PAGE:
Moving on

A few months ago, we hosted Katherine Watt of the local Transition Towns initiative on the show. We talked about energy decline and climate change as opportunities for local, regional, and cultural transformation.

As a follow up, you can check out her recent piece in the Centre Daily Times, "Transition planning moves on":

What ideas are lying around for us? There are two dominant competing visions of the Centre County future. One is thousands of drill towers, concrete pads and pipelines ripping down the woods; thousands of semis rumbling along formerly quiet country roads; potential widespread water contamination and depletion; carbon flying skyward; and a steady flow of gas and profit heading east to investors in New York, London and other world financial capitals.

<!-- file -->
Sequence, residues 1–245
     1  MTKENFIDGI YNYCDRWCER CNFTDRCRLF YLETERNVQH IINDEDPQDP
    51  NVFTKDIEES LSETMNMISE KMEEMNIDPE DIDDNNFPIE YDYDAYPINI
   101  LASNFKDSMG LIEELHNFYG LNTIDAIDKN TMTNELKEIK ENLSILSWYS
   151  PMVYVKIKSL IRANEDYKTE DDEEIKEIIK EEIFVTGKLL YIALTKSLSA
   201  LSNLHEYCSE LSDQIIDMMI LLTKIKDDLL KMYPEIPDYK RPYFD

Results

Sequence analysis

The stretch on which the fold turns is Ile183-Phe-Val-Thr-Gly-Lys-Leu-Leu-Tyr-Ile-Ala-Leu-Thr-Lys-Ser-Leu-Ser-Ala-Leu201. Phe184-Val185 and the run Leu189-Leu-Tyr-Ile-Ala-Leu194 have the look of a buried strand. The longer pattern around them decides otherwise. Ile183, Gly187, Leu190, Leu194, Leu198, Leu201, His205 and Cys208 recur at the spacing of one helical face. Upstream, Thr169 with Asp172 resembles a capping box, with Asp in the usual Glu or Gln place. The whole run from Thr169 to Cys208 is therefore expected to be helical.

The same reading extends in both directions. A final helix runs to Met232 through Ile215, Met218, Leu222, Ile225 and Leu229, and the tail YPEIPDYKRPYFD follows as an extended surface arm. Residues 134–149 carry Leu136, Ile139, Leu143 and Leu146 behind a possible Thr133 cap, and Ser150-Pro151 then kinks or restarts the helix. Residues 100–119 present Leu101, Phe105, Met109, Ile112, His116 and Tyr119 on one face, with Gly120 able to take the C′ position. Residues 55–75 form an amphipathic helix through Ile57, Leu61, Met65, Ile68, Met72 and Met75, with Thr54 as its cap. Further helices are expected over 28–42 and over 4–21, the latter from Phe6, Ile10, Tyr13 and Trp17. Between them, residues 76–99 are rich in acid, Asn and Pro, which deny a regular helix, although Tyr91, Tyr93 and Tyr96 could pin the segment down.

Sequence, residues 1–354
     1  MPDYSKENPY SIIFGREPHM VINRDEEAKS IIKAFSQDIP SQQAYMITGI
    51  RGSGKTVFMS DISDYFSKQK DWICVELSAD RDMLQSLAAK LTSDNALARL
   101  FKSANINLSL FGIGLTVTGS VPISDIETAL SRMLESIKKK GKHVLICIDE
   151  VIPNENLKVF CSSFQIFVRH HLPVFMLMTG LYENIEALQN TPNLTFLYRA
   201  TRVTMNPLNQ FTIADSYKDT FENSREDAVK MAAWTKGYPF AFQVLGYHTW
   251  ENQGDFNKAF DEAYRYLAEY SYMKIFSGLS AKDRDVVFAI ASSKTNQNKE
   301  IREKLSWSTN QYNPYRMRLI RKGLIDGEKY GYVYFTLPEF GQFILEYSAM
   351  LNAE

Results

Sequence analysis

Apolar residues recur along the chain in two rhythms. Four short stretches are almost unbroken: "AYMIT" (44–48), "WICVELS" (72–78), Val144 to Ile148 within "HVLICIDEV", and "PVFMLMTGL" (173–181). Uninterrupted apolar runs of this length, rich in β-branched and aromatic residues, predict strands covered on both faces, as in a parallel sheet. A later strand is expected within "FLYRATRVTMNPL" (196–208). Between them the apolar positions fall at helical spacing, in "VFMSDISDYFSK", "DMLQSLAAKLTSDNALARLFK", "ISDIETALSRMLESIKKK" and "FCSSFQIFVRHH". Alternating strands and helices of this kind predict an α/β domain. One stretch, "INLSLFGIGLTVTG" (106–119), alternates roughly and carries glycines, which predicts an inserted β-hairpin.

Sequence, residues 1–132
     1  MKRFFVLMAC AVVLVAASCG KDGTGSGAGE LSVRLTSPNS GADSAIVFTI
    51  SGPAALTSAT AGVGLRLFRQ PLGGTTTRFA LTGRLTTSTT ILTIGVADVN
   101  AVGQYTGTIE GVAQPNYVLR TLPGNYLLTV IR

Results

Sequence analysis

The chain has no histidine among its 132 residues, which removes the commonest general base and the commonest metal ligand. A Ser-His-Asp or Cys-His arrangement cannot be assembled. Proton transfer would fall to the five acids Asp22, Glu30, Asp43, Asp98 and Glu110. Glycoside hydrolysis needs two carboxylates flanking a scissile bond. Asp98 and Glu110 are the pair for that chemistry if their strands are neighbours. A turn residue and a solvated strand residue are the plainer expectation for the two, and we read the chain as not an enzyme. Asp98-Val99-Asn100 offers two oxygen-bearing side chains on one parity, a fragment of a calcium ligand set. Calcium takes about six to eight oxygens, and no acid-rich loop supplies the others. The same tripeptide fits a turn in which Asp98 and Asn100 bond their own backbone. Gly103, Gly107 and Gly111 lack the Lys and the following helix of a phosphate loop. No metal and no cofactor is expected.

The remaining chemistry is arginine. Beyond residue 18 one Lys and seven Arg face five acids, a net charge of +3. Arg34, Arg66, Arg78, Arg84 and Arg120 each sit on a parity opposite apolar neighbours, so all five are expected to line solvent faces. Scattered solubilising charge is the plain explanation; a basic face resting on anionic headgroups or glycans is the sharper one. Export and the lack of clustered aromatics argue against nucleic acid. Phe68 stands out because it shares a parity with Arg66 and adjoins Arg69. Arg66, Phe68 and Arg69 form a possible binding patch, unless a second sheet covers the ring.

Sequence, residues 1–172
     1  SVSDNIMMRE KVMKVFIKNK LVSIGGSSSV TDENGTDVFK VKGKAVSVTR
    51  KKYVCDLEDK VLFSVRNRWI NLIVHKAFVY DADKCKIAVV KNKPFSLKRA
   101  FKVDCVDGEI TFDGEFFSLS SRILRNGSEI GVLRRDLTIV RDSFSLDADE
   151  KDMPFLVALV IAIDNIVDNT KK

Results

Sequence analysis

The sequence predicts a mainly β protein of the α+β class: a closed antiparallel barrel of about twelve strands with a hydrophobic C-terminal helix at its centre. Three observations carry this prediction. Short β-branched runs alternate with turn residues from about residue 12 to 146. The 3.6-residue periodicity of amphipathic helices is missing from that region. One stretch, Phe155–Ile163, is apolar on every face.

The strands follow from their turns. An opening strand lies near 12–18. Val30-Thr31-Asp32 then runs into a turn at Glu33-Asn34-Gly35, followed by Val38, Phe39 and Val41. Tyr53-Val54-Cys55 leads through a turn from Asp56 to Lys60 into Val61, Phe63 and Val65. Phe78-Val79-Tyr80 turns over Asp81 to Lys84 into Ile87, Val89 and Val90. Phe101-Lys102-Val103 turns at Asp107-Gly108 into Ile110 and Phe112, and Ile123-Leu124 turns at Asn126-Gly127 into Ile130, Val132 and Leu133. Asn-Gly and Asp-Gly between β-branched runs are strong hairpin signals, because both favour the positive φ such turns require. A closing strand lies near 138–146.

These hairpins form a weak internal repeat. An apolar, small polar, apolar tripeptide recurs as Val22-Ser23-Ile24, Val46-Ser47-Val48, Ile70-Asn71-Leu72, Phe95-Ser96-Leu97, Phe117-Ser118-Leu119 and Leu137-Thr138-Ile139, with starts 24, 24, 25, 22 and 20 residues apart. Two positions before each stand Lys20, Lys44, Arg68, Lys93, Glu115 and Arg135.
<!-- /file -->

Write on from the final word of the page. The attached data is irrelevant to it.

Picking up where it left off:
The other vision is food, farms and forests, and no matter how many times the drilling proponents repeat their reassuring lies, once the water’s a mile underground or contaminated, it’s unusable. Once the trees and roots are gone, so are the living ecosystems they support.

My friends working in the local sustainability movement say people “get it.” They’re sick of the talk and want to see more action. Transition planning, as pioneered in England by Rob Hopkins, has a dozen or so interwoven components for building resilient communities for the post-carbon age.

Read more here.

Two things come to mind: First, what are you doing to work toward this transition? Second, do you know how to get involved? If you don't, you can start by connecting with Transition Centre!

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